ANZAC Day celebrated in Cambridge, but where were the Turks?

In the corner of a large Cambridge cemetery lie a handful of overgrown graves of men who were wounded or fell at Gallipoli / Çanakkale during the First World War. That was the epic campaign won so brilliantly against global opposition by Turkiye’s founding father, Mustafa Kemal Atatürk.

It was also famous for the lasting respect and admiration which grew up between Turkish troops and  some of their opponents, particularly the troops sent to fight them from Australia and New Zealand, collectively known as ANZAC (Australian and New Zealand Army Corp).

At some points of the rugged battle ground, only a few yards separated the two front lines, and these  speedily became heaped with the bodies of the dead and dying. But Turkish troops would allow  regular breaks in the fighting, so that both sides could bury their dead with dignity, and there is plenty of evidence that Turks and ANZACS helped each other in this grim duty, as well as throwing tins of cigarettes and ‘bully’ beef (aka corned beef) at each other during lulls in the fighting.

One lesser known fact of this historic battle is that ANZACS rejected the gas masks they were issued, because they were sure Turks would never use poison gas against them, nor torture them; and indeed, neither of these things ever happened.

“There is no difference between the Johnnies and the Mehmets”

When the war was over, Atatürk uttered his famous words: “Those heroes that shed their blood and lost their lives, you are now lying in the soil of a  friendly country. Therefore, rest in peace. There is no difference between the Johnnies and the Mehmets to us where they lie side by side, here in this country of ours.”

“You, the mothers who sent their sons from far-way counties, wipe away your tears. Your sons are now lying in our bosom and are in peace. After having lost their lives on this land, they have become our sons as well.”

Thankfully, Turkiye played a neutral role in World War Two, and no Turks died; but ANZACS fought in their thousands.

Recently it was discovered that 330 ANZAC airmen were also buried in that Cambridge City Cemetery, because of all the RAF bomber bases that used to surround it; and so the idea of commemorating  their presence on ANZAC Day was established, together with their comradeship with Turkish soldiers, as happens each year in Australia and New Zealand.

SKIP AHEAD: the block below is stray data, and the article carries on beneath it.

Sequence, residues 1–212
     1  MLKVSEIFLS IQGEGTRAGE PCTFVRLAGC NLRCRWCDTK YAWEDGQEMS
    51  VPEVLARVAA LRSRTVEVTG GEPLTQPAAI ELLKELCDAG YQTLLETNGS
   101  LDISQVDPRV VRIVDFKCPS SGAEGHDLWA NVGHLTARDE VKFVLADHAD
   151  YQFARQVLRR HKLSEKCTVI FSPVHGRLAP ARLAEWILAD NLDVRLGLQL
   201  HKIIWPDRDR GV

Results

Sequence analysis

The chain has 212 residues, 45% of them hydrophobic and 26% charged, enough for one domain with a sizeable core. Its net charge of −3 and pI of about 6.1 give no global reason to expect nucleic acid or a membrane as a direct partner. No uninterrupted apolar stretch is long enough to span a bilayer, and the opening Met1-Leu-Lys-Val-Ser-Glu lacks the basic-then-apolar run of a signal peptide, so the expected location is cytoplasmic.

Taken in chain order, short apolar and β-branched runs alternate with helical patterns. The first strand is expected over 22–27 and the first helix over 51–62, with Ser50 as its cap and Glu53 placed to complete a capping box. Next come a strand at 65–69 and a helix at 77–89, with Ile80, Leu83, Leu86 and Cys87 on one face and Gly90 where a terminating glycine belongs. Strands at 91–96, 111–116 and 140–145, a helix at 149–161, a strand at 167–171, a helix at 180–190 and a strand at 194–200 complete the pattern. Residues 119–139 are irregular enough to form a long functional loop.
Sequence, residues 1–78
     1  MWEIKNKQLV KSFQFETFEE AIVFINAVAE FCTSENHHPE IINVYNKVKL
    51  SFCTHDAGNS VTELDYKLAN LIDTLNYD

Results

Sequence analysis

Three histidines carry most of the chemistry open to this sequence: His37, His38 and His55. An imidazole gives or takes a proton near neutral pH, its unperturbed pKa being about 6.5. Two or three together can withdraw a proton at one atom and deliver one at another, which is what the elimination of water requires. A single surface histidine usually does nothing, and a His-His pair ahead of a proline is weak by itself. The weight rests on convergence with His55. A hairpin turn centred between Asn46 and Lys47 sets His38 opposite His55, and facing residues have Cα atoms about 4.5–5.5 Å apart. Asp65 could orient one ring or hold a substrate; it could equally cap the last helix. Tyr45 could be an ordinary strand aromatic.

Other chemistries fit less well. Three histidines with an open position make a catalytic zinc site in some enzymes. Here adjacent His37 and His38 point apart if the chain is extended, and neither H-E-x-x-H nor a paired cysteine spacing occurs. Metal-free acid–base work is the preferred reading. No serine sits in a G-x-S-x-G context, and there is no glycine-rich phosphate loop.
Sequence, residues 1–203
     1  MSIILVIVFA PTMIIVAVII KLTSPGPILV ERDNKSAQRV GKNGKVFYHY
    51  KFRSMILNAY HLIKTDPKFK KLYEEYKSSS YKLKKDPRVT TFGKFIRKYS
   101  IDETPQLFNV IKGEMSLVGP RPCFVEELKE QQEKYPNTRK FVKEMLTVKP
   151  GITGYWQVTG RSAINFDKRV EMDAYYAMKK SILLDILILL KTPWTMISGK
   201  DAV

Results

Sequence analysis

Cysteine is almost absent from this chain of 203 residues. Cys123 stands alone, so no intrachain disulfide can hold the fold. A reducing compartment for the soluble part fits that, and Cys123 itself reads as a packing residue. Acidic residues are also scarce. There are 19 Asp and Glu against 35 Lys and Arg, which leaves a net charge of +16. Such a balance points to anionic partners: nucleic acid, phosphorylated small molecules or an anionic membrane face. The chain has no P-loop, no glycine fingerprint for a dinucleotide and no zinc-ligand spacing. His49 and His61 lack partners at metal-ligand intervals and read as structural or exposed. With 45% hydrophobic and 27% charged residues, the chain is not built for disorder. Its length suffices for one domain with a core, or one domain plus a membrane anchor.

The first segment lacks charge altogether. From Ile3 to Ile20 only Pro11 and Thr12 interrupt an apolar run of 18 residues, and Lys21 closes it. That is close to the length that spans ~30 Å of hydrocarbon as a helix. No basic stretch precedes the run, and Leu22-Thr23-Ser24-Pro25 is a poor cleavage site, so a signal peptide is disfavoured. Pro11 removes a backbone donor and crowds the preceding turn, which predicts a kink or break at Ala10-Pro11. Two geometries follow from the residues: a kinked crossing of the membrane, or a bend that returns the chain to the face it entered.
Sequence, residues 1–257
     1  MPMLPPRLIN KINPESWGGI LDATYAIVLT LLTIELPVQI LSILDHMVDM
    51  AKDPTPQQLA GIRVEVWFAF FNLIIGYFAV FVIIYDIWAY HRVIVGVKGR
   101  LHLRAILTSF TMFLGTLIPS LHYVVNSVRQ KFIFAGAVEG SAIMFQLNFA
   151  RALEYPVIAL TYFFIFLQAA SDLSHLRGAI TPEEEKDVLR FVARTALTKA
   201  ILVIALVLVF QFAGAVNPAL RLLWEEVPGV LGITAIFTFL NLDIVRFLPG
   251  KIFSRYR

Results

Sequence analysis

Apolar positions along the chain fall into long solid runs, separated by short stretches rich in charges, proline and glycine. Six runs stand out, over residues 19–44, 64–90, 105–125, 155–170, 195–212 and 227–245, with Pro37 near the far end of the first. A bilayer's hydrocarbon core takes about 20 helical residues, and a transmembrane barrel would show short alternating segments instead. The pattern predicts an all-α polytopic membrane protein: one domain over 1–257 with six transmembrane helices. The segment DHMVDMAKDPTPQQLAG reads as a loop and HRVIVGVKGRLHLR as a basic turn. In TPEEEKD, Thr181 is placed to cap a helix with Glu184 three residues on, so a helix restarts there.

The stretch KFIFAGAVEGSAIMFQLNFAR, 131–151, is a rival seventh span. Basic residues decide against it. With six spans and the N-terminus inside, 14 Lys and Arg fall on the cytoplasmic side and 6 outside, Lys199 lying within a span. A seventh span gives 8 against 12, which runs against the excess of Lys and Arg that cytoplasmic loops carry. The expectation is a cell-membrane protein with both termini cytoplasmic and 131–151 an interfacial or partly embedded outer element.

The Turkish Embassy in London was approached, and readily agreed to send a representative to the inaugural event in 2017. Wing Commander Onur Kıyıcı, Defence Attaché at the Embassy, took part in the proceedings, laying a wreath on behalf of the Turkish nation, and reciting the words of Atatürk. This engagement continued for several years before the Covid pandemic in 2020 put a stop to such gatherings.

Cambridge’s ANZAC Day resumed in 2022 and this year’s Parade was attended by the Lord Lieutenant of Cambridge, representing King Charles III, and the High Sheriff of Cambridge. The Lord Mayor of Cambridge and Air Chief Marshal Sir Michael Graydon were also there, among other dignitaries.

Atatürk’s profound words were printed as usual in the Order of Service, but there was no Turk to read them. The Turkish National Anthem was also printed there – and played twice by an excellent brass band – but not a single Turkish voice was lifted in reply, because not a single Turkish person attended the ceremony.

T-VINE has seen correspondence dating back to early February this year requesting a participant from the Turkish Embassy for this year’s event in Cambridge, giving plenty of time to appoint a suitable representative. Sadly it was not to be.

And while His Excellency Koray Ertaş, the Turkish Ambassador, did attend the main Westminster Abbey Service of Commemoration and Thanksgiving to mark ANZAC Day, the absence of Turks at the Cambridge ceremony was felt all the more keenly.

ANZAC Day is far more than a remembrance event; it underlines the historic bond and ongoing friendship that exists between Turkiye, Britain, Australia and New Zealand. It provides a poignant opportunity to educate young people from all four nations about this critical battle and the huge losses they incurred, while acting with dignity and respect even in warfare. And it also offers the participants positive publicity.

Let’s hope the Turks don’t neglect their friends in Cambridge for ANZAC Day next year.


Main image, top, of Sir Michael Graydon laying a wreath at Cambridge’s ANZAC Remembrance Service in April 2022. Photo via X/ High Sheriff Cambs


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Turkish-ANZAC bonds renewed in Cambridge, 2 May 2017